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Pssst. Mr. President.

Because it's not just the economy, our experts offer some solutions to problems that were under-discussed during the campaign.

As the lengthy, contentious 2008 presidential election campaign wound to a close, it wasn't hard to pinpoint the overwhelming focal point: It was the economy, stupid. All three debates between Barack Obama and John McCain began with extensive discussions of how their tax plans and campaign platforms would salve the deepening credit crunch and soothe the plunging stock markets, putting all other issues — even the wars in Iraq and Afghanistan — squarely on a back burner set to "low."

But the presidency of the United States is not a glorified chair in macroeconomics, and it's no secret that President Obama's historic ascension to the Oval Office carries with it a broad set of truly daunting challenges. It's also clear that Obama — a former president of the Harvard Law Review and a professor of constitutional law at the appreciates the input and perspective of working faculty; three of his Harvard Law School classmates served on his transition team, largely composed of academics.


As a magazine that focuses on the intersection of public policy and research, much of it academic, Miller-McCune wanted to give Obama a little help. We figured he'd heard from enough economists, so we asked a collection of leading lights at universities across the country to offer advice on topics other than the economy. Specifically, we asked these writer-thinkers to address issues they thought weren't getting the coverage they deserved during the campaign.

An important caveat: These are the personal opinions of the academics who took time to contribute, and they do not represent the official stance of their institutions or universities. We extend our thanks to the experts who participated and invite others to offer their own advice to the president on our Web site, We freely acknowledge the site isn't yet required reading at the White House. But, as we were reminded on Nov. 4, 2008, sometimes things change.

Re-establish Respect for the Constitutional Separation of Powers
By Mickey Edwards, Princeton University:
Despite repeated assertions by both Barack Obama and John McCain that their policies would differ significantly from those of the previous administration, virtually no attention was paid during the campaign to the worst feature of the Bush presidency: the determined undermining of America's constitutional framework. Read more


Restore Public Faith in Science
By Sunshine Menezes, Ph.D., University of Rhode Island
Before the tumbling economy sucked the air out of other issues in the 2008 presidential campaign, there was laudable effort to bring attention to a largely overlooked but critical policy issue: the decline of American science funding and education. Read more


Eliminate the Electoral College
By Len Sellers, CEO, Hammer2Anvil
I was at a business dinner in Asia shortly after the 2000 election. Jokes were being made about still not knowing who will be the next U.S. president: "Isn't it typical of Americans to bring in the lawyers?" And so on. Read more


Close the Turkey Farm
By Thomas A. Birkland, Ph.D., North Carolina State University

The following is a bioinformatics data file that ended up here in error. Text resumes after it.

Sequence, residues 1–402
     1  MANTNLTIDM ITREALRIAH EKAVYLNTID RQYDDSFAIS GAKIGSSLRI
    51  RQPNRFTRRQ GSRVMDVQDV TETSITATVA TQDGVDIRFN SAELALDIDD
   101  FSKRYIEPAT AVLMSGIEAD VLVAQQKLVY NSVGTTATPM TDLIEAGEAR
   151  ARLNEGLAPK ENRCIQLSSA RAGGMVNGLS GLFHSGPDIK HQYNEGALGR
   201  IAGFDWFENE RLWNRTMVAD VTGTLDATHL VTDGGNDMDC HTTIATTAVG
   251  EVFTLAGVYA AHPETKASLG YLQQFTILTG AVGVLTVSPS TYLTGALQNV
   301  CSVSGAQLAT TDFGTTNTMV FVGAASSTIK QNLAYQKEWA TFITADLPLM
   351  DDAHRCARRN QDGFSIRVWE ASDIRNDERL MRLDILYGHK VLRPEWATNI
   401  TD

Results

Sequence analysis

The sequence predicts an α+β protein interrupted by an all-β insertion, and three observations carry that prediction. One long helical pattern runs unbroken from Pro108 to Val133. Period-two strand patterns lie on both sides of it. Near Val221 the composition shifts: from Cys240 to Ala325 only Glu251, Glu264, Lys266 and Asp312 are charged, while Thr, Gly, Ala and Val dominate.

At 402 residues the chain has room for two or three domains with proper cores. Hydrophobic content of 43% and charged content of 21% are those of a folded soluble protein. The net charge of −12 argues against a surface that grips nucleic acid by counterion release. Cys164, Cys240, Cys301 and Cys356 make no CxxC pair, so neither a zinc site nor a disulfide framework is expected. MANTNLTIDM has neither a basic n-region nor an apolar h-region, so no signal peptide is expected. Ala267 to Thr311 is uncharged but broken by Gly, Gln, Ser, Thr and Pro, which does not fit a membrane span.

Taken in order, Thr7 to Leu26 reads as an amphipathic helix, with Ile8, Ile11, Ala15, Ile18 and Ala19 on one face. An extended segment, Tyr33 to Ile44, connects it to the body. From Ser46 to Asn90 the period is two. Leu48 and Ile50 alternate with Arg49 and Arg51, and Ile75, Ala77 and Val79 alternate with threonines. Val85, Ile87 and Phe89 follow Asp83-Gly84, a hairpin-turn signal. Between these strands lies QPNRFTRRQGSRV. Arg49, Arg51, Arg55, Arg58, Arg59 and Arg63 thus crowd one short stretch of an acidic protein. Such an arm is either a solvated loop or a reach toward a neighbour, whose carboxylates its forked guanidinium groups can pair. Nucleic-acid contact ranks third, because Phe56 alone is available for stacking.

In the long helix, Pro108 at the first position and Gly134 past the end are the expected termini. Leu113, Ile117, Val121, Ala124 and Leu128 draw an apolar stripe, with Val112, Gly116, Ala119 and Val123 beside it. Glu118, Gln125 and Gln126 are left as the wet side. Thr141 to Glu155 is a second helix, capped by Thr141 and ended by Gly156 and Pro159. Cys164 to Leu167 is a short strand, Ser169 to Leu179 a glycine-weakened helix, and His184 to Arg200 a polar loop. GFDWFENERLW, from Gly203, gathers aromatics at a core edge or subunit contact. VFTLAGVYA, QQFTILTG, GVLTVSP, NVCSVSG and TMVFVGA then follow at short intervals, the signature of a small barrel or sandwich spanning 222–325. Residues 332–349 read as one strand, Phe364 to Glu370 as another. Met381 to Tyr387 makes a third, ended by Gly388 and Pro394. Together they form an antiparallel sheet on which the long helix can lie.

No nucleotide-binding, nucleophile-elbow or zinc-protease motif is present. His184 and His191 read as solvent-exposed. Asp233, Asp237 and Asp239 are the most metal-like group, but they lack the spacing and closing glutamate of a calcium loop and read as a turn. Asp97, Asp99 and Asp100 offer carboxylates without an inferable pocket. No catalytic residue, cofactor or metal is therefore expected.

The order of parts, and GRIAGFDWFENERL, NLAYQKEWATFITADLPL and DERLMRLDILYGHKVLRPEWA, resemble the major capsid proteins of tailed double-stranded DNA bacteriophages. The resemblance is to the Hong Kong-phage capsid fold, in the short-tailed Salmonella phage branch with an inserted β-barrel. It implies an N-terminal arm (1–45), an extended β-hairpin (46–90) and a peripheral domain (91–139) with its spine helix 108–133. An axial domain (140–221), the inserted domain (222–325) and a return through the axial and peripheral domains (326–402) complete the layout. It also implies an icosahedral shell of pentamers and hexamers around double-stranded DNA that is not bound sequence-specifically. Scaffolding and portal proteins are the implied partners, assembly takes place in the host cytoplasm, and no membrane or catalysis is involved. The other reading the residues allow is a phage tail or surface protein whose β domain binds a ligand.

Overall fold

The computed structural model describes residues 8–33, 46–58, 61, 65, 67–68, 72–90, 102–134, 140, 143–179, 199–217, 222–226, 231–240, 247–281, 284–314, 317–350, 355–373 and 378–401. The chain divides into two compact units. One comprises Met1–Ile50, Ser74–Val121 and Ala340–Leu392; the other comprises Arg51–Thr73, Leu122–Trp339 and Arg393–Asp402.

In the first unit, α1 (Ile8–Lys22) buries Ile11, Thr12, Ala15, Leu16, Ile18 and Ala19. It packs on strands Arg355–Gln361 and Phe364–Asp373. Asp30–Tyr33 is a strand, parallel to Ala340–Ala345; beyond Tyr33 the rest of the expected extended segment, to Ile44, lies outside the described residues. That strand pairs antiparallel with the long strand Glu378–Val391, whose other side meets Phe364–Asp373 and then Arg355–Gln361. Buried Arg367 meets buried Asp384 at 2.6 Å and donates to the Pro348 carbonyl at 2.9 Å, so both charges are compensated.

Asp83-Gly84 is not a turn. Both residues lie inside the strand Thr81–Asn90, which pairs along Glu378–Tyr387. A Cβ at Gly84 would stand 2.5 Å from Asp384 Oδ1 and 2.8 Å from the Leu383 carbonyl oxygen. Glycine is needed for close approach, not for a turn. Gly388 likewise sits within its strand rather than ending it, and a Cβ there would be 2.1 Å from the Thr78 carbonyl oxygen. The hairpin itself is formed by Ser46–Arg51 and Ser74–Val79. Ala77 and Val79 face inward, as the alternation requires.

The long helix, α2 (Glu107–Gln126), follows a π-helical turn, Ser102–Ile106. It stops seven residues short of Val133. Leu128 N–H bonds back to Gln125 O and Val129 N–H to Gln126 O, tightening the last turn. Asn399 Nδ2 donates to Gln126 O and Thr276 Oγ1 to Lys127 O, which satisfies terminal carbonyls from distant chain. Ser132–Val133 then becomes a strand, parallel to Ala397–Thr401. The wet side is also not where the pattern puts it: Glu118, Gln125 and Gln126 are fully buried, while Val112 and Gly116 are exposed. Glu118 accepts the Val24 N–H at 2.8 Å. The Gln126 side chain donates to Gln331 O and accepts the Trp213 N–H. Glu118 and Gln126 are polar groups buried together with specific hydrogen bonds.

The president should remove FEMA from Homeland Security. Minimally, he could issue an executive order that indicates that the FEMA director reports directly to the president during disasters. Read more


Grant All Americans Their Day in Court
By James L. Gibson, Ph.D. Washington University in St. Louis
One issue I believe your administration ought to address is that of access to justice by ordinary citizens. As you are no doubt aware by virtue of your legal training, the American legal system has been radically reshaped during the Republican years under so-called tort reform. Read more


Return Balance to the Federal Judiciary
By Cornell W. Clayton, Ph.D., Washington State University
You will have the opportunity to nominate many federal judges and no doubt one or more individuals to the U.S. Supreme Court in the next four years. Please restore balance to our federal judiciary. By balance, I do not refer to partisanship or ideology but to life experience and public stature. Read more


P. People O.
By Bill Savage, Ph.D., Northwestern University:
Piss people off. Piss off the right-wing Cuban Americans in Florida by normalizing relations with Cuba. (If we can work with the commies in Vietnam or China, then we can work with the Cubans.) Piss off the agribusiness industry by ending subsidies for farms not owned and worked by individual families. Read more


Pay More Attention to Our Own Backyard
By Douglas Massey, Ph.D., Princeton University:
A clear lesson of the last eight years is that the world is now too large and complex to be dominated by a single power. Nations that try to exercise unilateral economic and military power will only undermine their moral and material position in the world and contribute to their own decline. Read more


Find a New Immigration Perspective
By James La Valle, Ph.D., Murray State University
Conspicuously absent from both 2008 presidential campaigns was a fair, honest and decisive proposal to solve the immigration problem in the U.S., especially with respect to our southern border. Read more


Make Real Racial Progress
By Phillip Atiba Goff, Ph.D., University of California, Los Angeles
There are few places where the United States is further away from achieving "post-raciality" than in our prisons and courtrooms. ... It is distressing to think that this election's celebration of moral progress could coincide with the largest incarceration of a people in the history of the world, with recent reports estimating that as many as 1 in 9 black males between the ages of 18 and 34 are held in penitentiaries. Read more


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